After General Eisenhower's election, Retinger presented his document to the U.S. Committee for a National Trade Policy, which drafted a reply. After a series of written responses, informal preparations, and small meetings, these European and North American elites met face to face in May 1954 at the Hotel de Bilderberg, Oosterbeek, Holland. Invitations were required and were, according to Retinger, sent to:
"only important and generally respected people who through their special knowledge or experience, their personal contacts and their influence in national and international circles can help to further the aims of Bilderberg - defending Western ethical and cultural [life]."
The Bilderbergers were concerned with European centrality in world affairs, with communism and the Soviet Union, with economic policies and problems related to "dependent peoples," and with European integration and defence. They apparently had a great distaste for McCarthyism in the U.S., since it was too close to Nazism, and this is what spurred their confrontation with the U.S. in policy issues. It is said that C.D. Jackson, President Eisenhower's assistant for "psychological warfare," assured the European Bilderbergers:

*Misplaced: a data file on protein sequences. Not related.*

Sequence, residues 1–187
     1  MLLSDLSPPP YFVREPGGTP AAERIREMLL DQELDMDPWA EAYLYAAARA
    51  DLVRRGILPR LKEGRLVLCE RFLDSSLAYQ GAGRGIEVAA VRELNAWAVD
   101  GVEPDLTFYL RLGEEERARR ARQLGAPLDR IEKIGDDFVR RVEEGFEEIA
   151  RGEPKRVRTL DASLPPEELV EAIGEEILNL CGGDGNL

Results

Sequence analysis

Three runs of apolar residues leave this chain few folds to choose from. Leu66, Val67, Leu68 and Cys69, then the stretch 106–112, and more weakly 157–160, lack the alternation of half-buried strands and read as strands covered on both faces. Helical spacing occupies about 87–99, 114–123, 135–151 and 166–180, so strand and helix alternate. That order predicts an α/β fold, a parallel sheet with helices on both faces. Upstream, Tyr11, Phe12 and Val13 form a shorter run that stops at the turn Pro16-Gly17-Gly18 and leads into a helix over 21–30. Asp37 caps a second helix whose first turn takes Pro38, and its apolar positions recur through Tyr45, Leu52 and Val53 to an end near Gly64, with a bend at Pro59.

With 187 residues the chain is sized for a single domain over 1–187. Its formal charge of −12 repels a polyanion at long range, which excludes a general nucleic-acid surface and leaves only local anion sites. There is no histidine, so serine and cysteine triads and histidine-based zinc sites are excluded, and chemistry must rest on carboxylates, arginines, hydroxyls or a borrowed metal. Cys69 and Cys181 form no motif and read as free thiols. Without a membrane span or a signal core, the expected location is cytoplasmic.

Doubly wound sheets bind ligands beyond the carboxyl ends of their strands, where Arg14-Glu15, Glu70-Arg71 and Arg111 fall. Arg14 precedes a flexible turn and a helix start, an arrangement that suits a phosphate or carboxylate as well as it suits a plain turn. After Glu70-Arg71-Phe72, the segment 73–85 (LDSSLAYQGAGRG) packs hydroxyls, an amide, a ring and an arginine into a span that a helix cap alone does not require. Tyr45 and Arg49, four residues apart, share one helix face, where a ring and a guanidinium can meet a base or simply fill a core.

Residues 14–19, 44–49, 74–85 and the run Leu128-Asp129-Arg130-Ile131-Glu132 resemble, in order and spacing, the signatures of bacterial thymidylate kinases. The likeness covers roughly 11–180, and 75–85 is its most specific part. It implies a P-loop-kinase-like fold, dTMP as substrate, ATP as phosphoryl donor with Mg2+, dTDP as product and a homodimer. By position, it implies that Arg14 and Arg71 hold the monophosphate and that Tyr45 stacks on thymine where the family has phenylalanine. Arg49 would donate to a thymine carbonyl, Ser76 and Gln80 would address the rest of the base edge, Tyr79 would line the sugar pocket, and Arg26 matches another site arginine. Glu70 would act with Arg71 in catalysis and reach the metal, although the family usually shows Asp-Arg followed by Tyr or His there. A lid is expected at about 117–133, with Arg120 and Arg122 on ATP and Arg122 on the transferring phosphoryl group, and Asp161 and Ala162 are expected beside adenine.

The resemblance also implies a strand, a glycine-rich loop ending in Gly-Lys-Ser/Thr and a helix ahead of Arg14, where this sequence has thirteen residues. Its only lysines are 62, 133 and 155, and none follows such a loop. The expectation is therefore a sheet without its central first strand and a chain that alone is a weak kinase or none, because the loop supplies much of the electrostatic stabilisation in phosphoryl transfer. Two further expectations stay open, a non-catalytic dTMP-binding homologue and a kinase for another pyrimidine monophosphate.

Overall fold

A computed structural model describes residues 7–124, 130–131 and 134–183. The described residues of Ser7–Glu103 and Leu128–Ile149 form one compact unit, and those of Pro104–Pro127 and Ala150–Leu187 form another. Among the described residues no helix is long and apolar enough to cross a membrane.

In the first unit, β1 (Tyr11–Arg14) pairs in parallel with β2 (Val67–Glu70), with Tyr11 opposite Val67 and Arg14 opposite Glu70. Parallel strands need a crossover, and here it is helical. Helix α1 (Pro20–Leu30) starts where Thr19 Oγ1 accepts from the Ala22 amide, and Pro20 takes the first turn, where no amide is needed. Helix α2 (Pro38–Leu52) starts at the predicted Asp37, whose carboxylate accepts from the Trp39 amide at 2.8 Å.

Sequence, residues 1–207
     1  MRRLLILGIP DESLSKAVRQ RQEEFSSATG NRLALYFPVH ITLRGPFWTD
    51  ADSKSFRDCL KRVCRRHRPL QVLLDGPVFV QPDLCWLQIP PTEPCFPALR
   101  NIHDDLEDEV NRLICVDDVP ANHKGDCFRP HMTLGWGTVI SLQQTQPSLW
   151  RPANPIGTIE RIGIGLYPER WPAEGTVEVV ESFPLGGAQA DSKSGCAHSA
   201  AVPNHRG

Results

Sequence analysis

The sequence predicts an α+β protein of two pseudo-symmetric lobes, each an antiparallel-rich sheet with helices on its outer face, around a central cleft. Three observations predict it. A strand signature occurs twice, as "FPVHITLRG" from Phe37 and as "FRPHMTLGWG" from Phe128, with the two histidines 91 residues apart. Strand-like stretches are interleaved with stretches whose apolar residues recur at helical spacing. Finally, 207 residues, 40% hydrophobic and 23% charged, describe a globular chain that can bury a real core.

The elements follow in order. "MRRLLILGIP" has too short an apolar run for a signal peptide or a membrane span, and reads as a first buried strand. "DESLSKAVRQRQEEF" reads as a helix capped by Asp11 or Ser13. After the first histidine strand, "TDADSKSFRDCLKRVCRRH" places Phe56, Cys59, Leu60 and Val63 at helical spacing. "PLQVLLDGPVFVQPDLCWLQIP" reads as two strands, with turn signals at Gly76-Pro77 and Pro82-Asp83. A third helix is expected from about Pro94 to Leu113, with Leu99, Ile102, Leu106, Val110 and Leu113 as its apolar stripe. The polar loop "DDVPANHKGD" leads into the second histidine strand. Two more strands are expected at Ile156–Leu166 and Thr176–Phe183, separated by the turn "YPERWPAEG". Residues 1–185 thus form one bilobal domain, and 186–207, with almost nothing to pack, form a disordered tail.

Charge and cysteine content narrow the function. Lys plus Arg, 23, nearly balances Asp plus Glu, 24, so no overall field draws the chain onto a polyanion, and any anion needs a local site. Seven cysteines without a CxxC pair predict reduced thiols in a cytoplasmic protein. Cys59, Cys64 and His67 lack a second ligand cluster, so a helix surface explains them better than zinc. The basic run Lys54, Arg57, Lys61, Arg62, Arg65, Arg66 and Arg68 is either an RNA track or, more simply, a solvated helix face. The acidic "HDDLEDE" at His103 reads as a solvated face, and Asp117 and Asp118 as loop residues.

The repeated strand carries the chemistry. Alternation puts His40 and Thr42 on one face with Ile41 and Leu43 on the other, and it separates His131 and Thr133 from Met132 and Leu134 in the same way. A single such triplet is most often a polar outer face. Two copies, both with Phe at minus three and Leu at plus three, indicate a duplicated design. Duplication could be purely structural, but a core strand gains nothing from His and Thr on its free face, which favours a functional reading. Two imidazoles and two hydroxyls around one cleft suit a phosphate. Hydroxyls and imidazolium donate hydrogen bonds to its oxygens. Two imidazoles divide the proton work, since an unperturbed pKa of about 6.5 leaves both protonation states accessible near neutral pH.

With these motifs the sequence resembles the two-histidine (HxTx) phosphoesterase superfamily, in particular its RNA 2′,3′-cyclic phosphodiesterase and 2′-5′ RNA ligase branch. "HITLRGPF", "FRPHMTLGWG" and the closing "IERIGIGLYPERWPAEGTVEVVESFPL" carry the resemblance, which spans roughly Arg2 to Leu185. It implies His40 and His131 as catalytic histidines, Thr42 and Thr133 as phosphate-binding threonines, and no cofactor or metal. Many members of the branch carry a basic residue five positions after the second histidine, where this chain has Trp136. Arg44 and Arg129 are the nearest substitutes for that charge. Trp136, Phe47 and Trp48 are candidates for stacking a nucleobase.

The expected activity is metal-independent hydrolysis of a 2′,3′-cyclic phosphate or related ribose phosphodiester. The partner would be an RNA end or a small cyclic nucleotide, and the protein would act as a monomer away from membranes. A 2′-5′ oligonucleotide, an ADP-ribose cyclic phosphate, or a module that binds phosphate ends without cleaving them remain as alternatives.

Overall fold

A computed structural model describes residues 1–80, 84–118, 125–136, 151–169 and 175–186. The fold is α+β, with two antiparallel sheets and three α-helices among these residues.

"Whether McCarthy dies by an assassin's bullet or is eliminated in the normal American way of getting rid of boils on the body politic, I prophesy that by the time we hold our next meeting he will be gone from the American scene."1
Prince Bernhard of the Netherlands was in charge of convening the meetings of the Bilderbergers and centralizing its activities until his resignation in 1976. Retinger was its permanent secretary until his death in 1960. One of their first achievements was the establishment of the International Atomic Energy Agency in August 1955 in response to President Eisenhower's Peaceful Atom Program initiated in 1954. The U.S. government and its armament industry had decided to go nuclear in a major way after the "successful" explosion of a hydrogen bomb in Bikini, March 1954.